Written by Shona Smith on Jan 29, 2021. Posted in On Location

Suffolk Sets the Scene for Netflix’s The Dig

© Larry Horricks / Netflix 2021

The Dig recounts one of Britain's greatest archaeological discoveries. On location filming around Suffolk in 2019 set the scene for the historic unearthing of the first complete intact ship burial at Sutton Hoo, which is now believed to be the grave of an Anglo-Saxon King.

The Netflix feature film stars Carey Mulligan (Collateral, Suffragette) as the wealthy widow Edith Pretty who hired archaeologist Basil Brown, played by Ralph Fiennes (Grand Budapest Hotel, Coriolanus) as well as Lily James (The Guernsey Literary and Potato Peel Pie Society, War & Peace). Directed by Simon Stone (The Daughter), The Dig is based on the 2007 novel of the same name and reimagines the events of the 1939 excavation when the echoes of Britain's past resonate in the face of it's uncertain future‎ as the second world war approaches.

As Sutton Hoo  is open all year round, it wasn’t possible for the Netflix team to undertake any physical production on site. Moreover, the film shows excavation in action, which would not have been possible at the burial site. although care was taken to carefully recreate the scene and the historic finds.

RSPB Boyton Marsh © Screen Suffolk

However, director Simon Stone was adamant that filming take place in Suffolk, UK. As Stone explains, “you go to Suffolk once and visit the estuary lands and you see such a unique landscape, like a world that you just don't recognise as quintessentially English... and so I thought to myself this is a real opportunity to show a side of England that you don't usually see.... as you see it's (Suffolk) constantly through the film, we keep cutting back to shots that were shot in the environment where it took place”.

Screen Suffolk were first contacted by location scouts on The Dig who were looking for the locations that would provide the regional context of the film. Thorpeness Beach, Shingle Street, a footpath in Snape on Suffolk Wildlife Trust land and an RSPB site called Boyton Marsh all hosted on location filming.

Screen Suffolk met with members of the production team including Simon Stone and showcased all the incredible landscapes that Suffolk have to offer. Filming was arrange on Aldeburgh Beach, at Snape Maltings and facilitated the filming at RSPB’s Boyton Marsh which is perhaps the most recognisable of all the locations used. The unit base was set up in the Snape Maltings and Screen Suffolk also manage filming for The Suffolk Wildlife Trust’s portfolio where key scene with Ralph Fiennes rides his bike was filmed on their land.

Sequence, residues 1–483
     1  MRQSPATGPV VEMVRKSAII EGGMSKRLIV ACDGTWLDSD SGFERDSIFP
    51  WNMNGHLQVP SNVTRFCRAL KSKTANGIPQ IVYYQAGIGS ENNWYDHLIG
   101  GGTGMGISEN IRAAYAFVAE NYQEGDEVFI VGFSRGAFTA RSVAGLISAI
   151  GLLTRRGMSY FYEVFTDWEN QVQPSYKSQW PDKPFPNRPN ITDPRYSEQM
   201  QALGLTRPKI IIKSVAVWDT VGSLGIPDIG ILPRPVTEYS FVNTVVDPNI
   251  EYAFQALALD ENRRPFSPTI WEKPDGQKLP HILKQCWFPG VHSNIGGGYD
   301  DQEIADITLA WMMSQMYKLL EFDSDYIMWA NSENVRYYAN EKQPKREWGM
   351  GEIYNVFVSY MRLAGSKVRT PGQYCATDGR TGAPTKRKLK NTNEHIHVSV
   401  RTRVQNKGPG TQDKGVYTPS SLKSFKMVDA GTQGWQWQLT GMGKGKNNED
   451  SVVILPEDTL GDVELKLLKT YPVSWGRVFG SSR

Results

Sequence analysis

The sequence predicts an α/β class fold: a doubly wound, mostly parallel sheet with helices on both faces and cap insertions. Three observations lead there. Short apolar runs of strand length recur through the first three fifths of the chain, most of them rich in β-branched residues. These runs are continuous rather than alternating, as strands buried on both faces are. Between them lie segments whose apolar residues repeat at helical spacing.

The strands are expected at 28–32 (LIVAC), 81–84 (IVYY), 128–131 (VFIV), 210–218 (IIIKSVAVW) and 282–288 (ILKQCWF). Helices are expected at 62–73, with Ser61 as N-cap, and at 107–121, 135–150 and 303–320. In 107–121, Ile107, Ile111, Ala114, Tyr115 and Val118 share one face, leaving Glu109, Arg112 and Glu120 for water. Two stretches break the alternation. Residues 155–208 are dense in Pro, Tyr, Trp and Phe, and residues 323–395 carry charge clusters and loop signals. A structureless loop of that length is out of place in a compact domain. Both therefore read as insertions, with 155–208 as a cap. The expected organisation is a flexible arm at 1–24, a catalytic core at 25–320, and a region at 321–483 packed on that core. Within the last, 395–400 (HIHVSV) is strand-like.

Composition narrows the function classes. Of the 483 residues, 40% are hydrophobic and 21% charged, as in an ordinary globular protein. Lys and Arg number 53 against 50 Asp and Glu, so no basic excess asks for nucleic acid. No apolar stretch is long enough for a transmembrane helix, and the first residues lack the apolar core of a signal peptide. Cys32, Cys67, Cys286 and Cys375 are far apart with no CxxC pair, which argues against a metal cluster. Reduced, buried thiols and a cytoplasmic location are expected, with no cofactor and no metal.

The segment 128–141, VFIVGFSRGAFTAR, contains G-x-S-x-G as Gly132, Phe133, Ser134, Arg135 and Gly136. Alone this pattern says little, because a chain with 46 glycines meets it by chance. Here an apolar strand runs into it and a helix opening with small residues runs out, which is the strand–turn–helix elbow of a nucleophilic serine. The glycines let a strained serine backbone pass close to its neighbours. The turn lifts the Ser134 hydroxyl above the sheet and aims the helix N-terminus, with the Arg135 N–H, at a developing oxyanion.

© Screen Suffolk

Karen Everett, Director of Screen Suffolk added, ‘It’s so wonderful to see the big Suffolk skies and landscapes continually referenced throughout the film.  The whole film is such a great advert for Suffolk’.

Since Screen Suffolk launched they have secured over 500 locations all over the county, something that Rachel Aldridge, Operations and Business Development Manager says helps incoming productions of this scale. "We now have a huge database of locations that we manage on behalf of the council and private owners.  We work with many organisations all over Suffolk and have worked hard to build contacts.  This ensures that when a film like The Dig comes to Suffolk we know exactly who they need to talk to."

To the north-west of London, Suffolk regularly features in productions shooting in London and the South of the UK. Screen Suffolk is the official county-wide film office for Suffolk, and the central point of contact for anyone filming in Suffolk. The mix of historic buildings to windswept beaches, dockyards, airfields and picturesque villages has pulled in productions as varied as  Danny Boyle's Beatle comedy Yesterday, to Netflix's The Crown who doubled a stately home for Ghana. In July 2020 Screen Suffolk launched a crew database launched to help encourage productions looking for local crew as productions were scaling back up after the initial impact of Covid-19.

Feature films shooting in the UK can benefit from a 25% tax rebate. At least 10% of the film's core expenditure must be UK expenditure, this can include pre-production, principal photography, visual effects or post-production

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